Appreciating Tier Lists

Whether you are a Hearthstone, Magic or Eternal player, one thing is clear – deck building game communities love to divide their competitive decks into tiers. Decks are placed into arbitrary categories based on their representation at tournaments and how well they perform. These tiers help players understand what to expect when entering the competitive field and how to adjust their strategy to account for the most prevalent deck archetypes. Sometimes these interpretations are taken as the final word when they are just a representation of what the writer thinks. Tier lists don’t have as much bearing on individual experiences as we might think.

So how do Tier Lists work?

In the context of this article, I will mostly be speaking of the Eternal tier lists, published by RNGEternal and Seek Power Gaming. Both of these groups post their own tier lists at least once a month, aiming to capture a snapshot of how the meta looks at that time. For the most part, these lists are greeted with praise and appreciation from the community, and they help developing players get a better understanding of things. However, I believe that there is some disconnect; these lists are subjective and meant to be used as tools.

How do tier lists affect tournament preparation?

The publication of tier lists tends to lead to lively discussion and debate, with players voicing their perspectives and experiences in trying to build more refined lists. This is where I think the misinterpretation of the intent of these lists occur: they are a very subjective perspective of how things look through the lens of advanced players, most of which exist in the higher ranks. For the average Bronze or Silver player, these lists probably wont adequately capture the riff raff you encounter on a fairly regular basis. Tier 3 decks might appear more often, so the player would think “There is no way that deck should be Tier 3, its easily Tier 2!” While this might be somewhat true based on their experience, it is likely not true for other players, especially ones playing at higher ranks.

What’s a meta? How can I benefit from this information?

The term “meta” refers to the decks that are the most prevalent, generally the best and most refined. A meta usually consists of decks you expect to see a good deal of while laddering. An acronym I once heard for meta that I really liked is: Most Effective Tool(s) Available. Generally, decks will have “tech” slots that are flexible and used to combat what they expect to see a lot of. “Metagaming” can also refer to the act of choosing to play certain cards or a strategy to get an edge on what you expect to see.

Somebody on Twitter said my deck is Tier X but I really think it is Tier Y. What should I do?

The lower ranks are generally where players with developing collections, budget versions of optimized strategies, and more fringe strategies tend to dwell. For these players, its either not important or currently obtainable to climb higher on ladder. This can be said for most rank brackets along the way to masters. I do not have the exact stats, but I would venture to say that most competitive players with the drive to hit masters as fast as possible will have done so by the middle of the month. After that, the ranks are filled with people who are working on their skill level, their deck, or on playing a strategy they enjoy.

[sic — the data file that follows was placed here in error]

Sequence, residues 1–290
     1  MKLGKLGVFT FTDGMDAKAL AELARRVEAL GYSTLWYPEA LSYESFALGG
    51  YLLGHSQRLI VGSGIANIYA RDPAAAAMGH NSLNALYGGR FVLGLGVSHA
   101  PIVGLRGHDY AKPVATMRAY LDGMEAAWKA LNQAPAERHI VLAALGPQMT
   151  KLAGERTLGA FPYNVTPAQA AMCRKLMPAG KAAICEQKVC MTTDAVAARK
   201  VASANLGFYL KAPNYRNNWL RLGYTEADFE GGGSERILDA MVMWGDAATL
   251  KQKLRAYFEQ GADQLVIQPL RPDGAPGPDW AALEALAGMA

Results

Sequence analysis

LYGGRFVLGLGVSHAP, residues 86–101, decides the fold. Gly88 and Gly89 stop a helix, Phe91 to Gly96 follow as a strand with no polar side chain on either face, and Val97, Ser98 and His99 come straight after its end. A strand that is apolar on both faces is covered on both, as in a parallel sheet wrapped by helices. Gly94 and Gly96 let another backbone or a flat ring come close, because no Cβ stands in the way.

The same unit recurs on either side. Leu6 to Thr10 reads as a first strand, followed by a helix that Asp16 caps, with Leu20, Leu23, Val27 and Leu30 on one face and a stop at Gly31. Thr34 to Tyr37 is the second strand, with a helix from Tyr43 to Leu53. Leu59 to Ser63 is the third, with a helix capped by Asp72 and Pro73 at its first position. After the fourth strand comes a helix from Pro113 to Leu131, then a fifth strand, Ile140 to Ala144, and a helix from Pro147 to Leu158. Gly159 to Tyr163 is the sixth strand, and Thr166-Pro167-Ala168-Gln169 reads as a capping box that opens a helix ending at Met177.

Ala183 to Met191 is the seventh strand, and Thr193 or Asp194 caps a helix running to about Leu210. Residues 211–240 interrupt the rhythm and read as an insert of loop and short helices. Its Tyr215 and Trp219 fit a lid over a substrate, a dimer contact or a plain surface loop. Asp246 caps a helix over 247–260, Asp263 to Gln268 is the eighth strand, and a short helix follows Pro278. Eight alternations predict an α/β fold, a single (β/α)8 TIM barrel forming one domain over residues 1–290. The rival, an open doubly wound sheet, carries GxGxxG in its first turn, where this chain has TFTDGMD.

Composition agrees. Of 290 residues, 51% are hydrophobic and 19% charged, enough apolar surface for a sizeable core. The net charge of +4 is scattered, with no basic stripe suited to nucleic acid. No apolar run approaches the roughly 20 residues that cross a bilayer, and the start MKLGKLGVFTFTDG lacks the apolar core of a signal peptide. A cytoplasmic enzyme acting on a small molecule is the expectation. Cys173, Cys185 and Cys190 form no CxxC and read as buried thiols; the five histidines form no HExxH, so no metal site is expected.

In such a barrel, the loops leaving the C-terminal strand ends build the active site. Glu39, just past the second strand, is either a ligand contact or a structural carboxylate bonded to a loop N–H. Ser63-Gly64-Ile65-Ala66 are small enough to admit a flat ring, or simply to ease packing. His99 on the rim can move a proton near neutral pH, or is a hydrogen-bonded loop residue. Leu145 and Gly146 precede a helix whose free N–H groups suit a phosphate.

The first deck that really got me interested in the game was Owl Ramp. This deck has completely vanished, and has been replaced by more efficient ramp strategies. By the time I had picked the deck up, it was already well on it’s way out, but I loved the way the deck played so much, I continued to jam it. Eventually, like many other strategies of yesterday, it finally started to feel truly unplayable, and was out classed by where the meta was headed. Thankfully, I was able to find a home with another Combrei combo deck that brought me almost as much joy.

In an effort to maximize the benefits of the tier list as a meta snapshot, realize that it may look much different from your experience, and that they are intended to help players analyze what the higher rank players are doing, and hopefully to benefit from that. Most of the decks listed at Tier 1 or 2 are the best versions of their archetypes and are very consistent at performing their functions. While Tier 3 decks are somewhat functional, they are usually not optimal and are decks you should play only if you really like that strategy. Tier 4 and below are for people who are passionate about what it is they do, win or lose, and can keep a positive attitude (which may lead to a positive win

A deck’s representation will affect a community’s perception of that deck. Just because everyone shows up to a Rock Paper Scissors tournament with Tier 1 Scissor decks doesn’t mean Tier 3 Rock decks aren’t good. Don’t look at a tier lists and think “Well this is it, this is what is right” or “I disagree with this, let me find these people on Twitter and tell them so.” Realize that they did the best they could, with the information provided, to give the player base a tool to grow. Part of the fun is to see that Tier 1 deck(s) you want to either become or destroy, and work hard at achieving that goal.


1 Comment » for Appreciating Tier Lists
  1. Aaron Zelder says:

    Nice article!

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